The Museo del Pulque y las Pulquerías is officially the Museum of Pulque and the Pulquerías, (i.e.; the taverns serving pulque). The museum covers a topic frequently of great mystery to first-time visitors to central Mexico. It’s also a drink that’s seeing something of renaissance, along with its cousin, mezcal. Traditionally difficult to preserve or ship any distance, its consumption declined over most of the 20th century.
The museum, aptly enough, is upstairs from a working pulquería. The Pulquería Panana is a busy watering hole just next to the prominent Church of Hipólito. The pulquería makes pulque in a variety of flavors from maguey plants tapped in Hidalgo and Tlaxacala states, north and east of Mexico City.
Pulque is an ancient alcoholic drink made from the maguey plant. With a long history clouded in mythology and legend, it reached a peak of consumption in the late 19th century. Today, it’s being produced and consumed in greater quantities again. The museum offers a fantastic introduction to the subject.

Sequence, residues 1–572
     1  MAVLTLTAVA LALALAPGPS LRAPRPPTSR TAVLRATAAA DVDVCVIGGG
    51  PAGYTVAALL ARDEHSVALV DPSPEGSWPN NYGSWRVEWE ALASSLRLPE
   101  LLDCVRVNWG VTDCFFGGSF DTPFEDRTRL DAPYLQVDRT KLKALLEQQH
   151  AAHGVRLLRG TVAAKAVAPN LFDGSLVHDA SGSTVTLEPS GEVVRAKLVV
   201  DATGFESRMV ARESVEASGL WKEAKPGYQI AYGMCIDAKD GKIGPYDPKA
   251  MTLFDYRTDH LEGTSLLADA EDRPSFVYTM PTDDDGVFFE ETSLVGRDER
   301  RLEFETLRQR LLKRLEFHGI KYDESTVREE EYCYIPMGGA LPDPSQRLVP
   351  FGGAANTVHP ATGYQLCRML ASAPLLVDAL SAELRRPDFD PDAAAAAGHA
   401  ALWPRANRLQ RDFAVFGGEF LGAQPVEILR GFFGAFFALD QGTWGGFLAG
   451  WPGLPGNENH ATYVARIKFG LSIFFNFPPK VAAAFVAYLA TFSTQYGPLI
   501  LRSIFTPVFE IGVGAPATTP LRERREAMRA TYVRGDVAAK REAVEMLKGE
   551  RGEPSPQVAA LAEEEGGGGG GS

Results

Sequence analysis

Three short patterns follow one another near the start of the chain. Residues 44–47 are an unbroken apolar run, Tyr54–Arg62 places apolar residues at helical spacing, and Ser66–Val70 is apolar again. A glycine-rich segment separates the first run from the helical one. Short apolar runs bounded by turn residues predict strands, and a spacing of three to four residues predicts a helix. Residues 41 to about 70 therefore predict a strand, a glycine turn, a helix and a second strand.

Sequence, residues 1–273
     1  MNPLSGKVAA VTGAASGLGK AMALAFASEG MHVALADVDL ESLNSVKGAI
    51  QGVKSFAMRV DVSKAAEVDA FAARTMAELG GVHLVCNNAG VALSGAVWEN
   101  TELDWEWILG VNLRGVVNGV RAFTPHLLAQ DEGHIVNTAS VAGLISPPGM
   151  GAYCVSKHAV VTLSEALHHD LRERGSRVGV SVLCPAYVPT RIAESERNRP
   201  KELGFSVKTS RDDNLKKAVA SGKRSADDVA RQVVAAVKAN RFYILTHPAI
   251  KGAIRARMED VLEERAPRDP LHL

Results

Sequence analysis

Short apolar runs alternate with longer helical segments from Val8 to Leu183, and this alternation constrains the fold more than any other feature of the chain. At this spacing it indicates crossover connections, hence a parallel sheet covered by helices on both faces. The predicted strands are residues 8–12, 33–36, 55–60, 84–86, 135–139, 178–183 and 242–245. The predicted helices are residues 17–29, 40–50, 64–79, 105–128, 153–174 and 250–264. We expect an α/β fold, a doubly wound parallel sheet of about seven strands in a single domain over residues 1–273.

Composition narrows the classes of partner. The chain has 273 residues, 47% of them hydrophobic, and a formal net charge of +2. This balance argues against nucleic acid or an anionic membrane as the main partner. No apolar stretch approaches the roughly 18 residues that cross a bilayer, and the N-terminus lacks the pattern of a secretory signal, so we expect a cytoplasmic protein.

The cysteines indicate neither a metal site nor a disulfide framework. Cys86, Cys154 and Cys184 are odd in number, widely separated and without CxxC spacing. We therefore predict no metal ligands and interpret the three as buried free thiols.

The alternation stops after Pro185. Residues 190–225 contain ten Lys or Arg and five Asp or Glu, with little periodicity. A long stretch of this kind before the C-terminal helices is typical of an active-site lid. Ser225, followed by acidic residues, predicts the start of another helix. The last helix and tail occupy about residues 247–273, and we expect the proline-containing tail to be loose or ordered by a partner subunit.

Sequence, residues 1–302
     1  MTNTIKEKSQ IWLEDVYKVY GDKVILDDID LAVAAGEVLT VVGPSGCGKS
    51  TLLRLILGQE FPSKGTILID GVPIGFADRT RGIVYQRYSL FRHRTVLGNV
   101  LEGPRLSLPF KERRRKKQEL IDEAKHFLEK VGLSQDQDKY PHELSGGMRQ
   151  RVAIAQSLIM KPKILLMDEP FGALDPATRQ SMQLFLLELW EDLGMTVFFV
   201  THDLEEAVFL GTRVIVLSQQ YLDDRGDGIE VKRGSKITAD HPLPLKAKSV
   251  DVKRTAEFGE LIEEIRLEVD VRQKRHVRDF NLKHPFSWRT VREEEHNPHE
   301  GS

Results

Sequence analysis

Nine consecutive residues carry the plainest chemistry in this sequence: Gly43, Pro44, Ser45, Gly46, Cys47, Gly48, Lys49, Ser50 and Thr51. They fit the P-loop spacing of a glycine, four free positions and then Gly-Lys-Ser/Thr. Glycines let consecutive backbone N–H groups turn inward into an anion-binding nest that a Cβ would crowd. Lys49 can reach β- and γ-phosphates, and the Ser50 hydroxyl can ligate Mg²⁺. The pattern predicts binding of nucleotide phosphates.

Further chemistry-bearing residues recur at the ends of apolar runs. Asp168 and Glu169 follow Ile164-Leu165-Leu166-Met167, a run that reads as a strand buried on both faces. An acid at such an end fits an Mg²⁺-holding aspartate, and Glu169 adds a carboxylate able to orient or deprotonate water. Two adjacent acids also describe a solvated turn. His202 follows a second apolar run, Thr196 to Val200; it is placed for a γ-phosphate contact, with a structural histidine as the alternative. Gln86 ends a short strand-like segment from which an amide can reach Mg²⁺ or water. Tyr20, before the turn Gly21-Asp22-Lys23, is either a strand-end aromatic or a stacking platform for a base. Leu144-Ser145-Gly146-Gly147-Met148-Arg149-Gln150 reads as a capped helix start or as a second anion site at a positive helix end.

The Pulque Museum, just upstairs from the tavern, offers guided tours, or a chance to wander on your own. While it’s not enormous, it does offer a complete history and explication of the ancient drink and the many cultures to have contributed to the pulque we know today.
While there are still many pulquerías across Mexico City, only this one will give you the full picture. As the Museum of Pulque directors put it, “Pulque is a culture.”
Hours: (Closed Tuesdays & the 28th of each month)
Mondays through Saturdays: 11 a.m. to 8 p.m., Sundays: 11 a.m. to 6 p.m.